Crna vs Doctor help!!!!!!!

Discussion in 'hSDN' started by AlphaVaz, Aug 18, 2015.

  1. AlphaVaz

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    Hello I am a 16 year old highschool student
    I'm stuck I know crna s make good money tbh that's really what I'm after but i know doctors make way more.But they also sacrifice the prime years of there life and dont have fun .I want something that easy (not literaly) but something that wont take as much stress ,time ,worrying like med school.
    Who is a Crna can if you are please tell me is your lifestyle good ? Do you recommend becoming a crna ?
    What do you make a year ? What do you do ? And doctors same questions but one more , are you mad someone with less schooling loans and stressing is making almost the same like you (anthesilogist ) ?
    Thanks for taking a look at this .
     
  2. Stagg737

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    I'll start by saying if you're in it for the money then you should not become a physician. Seeing your description, the amount of work and sacrifice required won't be worth it for you. Maybe that will change 6 years from now, but with the attitude you're conveying, med school would likely eat you alive. I'll also say that I actually enjoy med school, but my idea of 'fun' is not going out and getting wasted 2-3 times a week, so there's that.

    My lifestyle as a med student is fine, but it's very busy. Many physicians work 50-60 hours per week, maybe more. They also get paid well for it. Average physician depends completely on the number of hours they work, the kind of payment model they use, and the specialty they are in. Averages can range anywhere from 200k-500k/year. Maybe higher in some subspecialties. In general, there is no medical professional (other than dentists) that will make the same amount as the average doctor for equal work.

    CRNAs can make very good money, but it won't be as much as the physicians, and ultimately they will be working under or for the physicians. So being able to be in control and having more knowledge makes up for that in most physician's eyes. I don't think most physicians would be upset about CRNAs making good money, but that won't make physicians mad. What will make us mad is when a mid-level like a nurse or PA acts like they have more knowledge than a doc and try to make decisions on their own that they shouldn't be making. It's both insulting to the work the physician has put in and dangerous for the patients they are treating.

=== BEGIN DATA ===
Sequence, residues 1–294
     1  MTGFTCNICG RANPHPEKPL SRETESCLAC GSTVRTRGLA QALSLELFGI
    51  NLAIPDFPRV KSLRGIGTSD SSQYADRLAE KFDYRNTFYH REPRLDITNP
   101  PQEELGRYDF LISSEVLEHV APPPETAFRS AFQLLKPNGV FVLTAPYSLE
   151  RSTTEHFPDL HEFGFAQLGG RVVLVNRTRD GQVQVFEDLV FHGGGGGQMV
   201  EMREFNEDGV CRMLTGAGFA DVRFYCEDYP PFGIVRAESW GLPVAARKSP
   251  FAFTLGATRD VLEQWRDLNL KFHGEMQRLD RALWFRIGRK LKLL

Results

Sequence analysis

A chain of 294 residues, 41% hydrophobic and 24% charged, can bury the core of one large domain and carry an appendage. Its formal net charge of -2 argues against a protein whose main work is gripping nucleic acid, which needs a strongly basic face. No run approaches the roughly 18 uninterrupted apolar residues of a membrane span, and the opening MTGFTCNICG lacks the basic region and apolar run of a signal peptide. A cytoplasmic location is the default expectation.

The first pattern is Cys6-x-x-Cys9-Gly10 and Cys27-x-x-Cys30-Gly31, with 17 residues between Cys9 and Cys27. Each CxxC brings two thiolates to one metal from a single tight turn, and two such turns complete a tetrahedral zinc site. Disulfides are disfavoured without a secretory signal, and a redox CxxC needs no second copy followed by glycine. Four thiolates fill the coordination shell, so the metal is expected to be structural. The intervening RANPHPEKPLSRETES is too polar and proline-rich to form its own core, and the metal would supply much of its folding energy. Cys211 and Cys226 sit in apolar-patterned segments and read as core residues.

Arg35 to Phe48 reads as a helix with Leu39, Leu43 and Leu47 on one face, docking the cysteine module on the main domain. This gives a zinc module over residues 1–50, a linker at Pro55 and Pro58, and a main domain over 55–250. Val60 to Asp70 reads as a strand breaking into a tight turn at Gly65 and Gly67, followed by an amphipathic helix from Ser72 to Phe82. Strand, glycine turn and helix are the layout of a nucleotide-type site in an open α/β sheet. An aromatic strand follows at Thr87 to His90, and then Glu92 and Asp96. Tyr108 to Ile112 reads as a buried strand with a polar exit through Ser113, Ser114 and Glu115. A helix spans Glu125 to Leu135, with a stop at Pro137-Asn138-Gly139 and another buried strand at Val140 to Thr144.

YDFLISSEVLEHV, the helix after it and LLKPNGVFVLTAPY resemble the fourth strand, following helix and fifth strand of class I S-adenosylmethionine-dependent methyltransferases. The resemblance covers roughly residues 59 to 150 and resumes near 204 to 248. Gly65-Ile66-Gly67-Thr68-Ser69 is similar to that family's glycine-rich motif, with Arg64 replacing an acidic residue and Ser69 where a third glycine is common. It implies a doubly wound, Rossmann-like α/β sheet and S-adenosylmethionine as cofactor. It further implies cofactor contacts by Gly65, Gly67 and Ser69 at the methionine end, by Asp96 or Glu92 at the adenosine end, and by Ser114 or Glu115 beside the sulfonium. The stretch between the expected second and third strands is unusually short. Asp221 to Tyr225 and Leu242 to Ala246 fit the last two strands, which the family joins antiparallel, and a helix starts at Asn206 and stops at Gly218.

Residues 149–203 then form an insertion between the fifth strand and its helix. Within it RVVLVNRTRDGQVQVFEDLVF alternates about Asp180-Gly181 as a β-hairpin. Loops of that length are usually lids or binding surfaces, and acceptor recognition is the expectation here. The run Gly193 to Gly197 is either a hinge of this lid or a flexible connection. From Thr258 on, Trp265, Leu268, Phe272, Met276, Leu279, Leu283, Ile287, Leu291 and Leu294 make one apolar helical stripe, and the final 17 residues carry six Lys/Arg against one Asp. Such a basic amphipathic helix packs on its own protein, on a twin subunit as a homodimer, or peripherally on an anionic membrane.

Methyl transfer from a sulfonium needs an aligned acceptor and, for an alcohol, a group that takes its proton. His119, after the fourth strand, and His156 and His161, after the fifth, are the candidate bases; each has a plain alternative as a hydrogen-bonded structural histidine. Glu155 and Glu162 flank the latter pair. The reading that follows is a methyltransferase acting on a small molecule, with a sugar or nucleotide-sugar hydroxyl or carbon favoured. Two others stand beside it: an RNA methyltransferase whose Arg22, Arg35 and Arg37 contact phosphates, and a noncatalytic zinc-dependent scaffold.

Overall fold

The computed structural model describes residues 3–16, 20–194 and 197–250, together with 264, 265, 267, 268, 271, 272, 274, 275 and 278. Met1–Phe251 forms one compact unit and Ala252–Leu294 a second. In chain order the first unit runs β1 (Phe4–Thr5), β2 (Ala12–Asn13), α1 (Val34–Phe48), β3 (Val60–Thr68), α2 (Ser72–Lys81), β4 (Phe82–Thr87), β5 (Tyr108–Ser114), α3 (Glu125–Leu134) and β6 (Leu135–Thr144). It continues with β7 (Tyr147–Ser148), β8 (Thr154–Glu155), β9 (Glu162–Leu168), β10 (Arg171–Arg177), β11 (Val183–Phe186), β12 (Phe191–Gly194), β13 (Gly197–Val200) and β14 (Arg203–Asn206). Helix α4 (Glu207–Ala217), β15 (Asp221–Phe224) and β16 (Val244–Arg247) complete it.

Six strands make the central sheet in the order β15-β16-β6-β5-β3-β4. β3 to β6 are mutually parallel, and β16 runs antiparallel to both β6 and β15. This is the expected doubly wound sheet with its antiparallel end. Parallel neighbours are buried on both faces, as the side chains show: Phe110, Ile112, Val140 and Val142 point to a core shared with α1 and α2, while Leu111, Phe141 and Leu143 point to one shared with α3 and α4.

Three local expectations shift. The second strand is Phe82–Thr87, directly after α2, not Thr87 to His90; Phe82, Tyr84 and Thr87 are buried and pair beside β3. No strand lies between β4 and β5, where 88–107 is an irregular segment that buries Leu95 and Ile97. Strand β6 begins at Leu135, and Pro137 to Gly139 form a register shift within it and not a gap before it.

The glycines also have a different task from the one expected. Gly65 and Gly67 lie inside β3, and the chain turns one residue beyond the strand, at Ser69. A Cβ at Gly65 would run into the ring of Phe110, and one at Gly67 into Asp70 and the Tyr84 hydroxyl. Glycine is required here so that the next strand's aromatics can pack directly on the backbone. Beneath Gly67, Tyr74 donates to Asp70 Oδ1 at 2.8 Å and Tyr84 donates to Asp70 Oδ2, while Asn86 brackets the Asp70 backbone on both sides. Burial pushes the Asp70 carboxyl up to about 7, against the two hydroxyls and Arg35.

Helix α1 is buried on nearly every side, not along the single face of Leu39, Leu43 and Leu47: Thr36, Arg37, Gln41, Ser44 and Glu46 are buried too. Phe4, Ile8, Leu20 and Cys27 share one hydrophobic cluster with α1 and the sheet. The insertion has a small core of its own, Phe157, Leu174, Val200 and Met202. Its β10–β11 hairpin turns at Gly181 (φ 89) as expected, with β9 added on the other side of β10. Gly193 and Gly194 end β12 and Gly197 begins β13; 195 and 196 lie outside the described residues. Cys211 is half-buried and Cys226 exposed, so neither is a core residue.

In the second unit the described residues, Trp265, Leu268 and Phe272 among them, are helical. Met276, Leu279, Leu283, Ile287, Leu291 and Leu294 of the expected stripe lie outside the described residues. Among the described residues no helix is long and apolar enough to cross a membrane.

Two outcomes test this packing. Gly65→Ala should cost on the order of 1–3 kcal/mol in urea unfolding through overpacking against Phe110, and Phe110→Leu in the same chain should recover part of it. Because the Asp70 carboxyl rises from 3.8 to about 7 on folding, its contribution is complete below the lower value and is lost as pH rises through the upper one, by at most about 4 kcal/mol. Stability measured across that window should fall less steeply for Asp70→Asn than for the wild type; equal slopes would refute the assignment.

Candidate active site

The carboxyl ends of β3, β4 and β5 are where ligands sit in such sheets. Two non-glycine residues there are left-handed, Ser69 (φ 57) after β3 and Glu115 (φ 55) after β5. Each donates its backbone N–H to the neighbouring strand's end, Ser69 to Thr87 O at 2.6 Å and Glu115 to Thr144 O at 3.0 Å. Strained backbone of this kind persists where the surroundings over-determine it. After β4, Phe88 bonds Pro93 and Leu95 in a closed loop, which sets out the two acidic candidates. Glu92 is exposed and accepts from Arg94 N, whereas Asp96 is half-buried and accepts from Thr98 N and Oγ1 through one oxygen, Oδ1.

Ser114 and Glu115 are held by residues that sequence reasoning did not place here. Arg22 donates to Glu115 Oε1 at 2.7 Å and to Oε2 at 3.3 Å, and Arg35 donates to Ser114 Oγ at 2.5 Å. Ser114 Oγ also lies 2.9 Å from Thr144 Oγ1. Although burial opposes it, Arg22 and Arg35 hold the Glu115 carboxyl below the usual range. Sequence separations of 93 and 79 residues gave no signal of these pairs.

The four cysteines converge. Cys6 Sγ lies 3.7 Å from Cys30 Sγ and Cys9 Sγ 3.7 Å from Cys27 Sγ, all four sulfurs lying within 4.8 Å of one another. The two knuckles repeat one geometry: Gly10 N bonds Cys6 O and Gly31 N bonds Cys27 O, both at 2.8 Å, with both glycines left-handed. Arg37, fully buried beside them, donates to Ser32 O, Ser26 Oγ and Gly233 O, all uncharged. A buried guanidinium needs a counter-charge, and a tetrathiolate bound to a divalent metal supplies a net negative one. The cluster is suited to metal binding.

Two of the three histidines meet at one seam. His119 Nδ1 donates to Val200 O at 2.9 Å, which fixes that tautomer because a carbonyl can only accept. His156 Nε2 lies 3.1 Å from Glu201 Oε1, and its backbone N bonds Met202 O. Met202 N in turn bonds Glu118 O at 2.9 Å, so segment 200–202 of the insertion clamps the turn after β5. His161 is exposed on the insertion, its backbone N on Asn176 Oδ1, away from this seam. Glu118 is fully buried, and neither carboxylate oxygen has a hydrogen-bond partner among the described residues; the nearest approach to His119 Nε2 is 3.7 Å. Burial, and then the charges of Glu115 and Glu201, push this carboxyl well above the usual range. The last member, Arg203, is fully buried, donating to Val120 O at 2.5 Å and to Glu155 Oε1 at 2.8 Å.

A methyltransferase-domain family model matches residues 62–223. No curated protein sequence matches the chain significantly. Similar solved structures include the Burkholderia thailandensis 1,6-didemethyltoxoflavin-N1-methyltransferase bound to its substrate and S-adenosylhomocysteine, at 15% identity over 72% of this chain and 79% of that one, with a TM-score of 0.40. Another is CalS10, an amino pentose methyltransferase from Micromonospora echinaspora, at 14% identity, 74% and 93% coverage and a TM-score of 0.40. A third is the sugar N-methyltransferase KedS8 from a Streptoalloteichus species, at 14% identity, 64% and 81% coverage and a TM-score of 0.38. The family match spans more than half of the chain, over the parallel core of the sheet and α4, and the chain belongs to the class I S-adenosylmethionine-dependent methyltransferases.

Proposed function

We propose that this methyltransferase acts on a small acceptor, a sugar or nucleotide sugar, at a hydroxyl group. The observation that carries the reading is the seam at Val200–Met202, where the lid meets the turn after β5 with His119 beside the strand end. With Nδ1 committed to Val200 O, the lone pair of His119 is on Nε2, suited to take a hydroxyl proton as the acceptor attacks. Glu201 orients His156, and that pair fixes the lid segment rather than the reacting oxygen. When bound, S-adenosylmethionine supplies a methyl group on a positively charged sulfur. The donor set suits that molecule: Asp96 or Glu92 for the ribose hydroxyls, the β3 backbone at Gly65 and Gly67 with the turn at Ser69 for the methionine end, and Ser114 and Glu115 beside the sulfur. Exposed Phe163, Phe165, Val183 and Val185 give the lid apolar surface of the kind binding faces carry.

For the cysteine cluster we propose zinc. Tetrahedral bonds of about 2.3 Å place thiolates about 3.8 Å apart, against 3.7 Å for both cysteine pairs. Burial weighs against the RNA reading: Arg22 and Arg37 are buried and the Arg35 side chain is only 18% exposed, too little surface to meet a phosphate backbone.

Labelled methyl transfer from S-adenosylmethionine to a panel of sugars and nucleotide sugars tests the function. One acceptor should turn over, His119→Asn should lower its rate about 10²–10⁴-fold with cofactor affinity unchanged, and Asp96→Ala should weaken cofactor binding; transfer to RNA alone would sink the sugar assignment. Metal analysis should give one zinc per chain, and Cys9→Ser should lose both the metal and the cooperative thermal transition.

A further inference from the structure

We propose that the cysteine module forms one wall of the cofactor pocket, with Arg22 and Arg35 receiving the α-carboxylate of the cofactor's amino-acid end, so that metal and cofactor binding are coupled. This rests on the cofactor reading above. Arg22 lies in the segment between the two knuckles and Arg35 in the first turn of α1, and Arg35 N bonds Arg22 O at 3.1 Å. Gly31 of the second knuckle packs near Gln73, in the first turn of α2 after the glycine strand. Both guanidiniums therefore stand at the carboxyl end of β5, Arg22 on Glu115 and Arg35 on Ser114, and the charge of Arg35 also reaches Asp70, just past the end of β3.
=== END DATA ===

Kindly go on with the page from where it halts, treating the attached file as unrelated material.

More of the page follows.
Last thing I'll say is that you've got a long road ahead of you for either career path. Focus on what's important now, which is doing well enough in high school to get into a good college and enjoying your free time now. It's good to think about the future, but if you don't take care of the 'right now' then you won't have the same future to look forward to.
     
  3. ComputerGuy365

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    This may come off as harsh, but please fix your grammar and spelling. It makes it hard to read. You can never go into medicine for the money. It's too long and hard for that. If you want money, go to wall street.
     
  4. AlphaVaz

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    Wow sorry did not think this was school
     
  5. Baller MD

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    Wall Street is much harder than Med school..
     
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  6. JustintheDoctor

    JustintheDoctor High functioning FeelsOpath
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    tell that to the people who end up doing Plastics in PP in like hollywood or something. Trust me, they are there for the money.
     
  7. ComputerGuy365

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    They're both difficult in different ways, you can't compare the two. Even if it was, why does that matter?

    For something so long and difficult, you have to have a true commitment. If you want money, go to business school. You can't solely be interested in medicine for the money. Doctors do not even make that much compared to other jobs.
     
  8. Xenith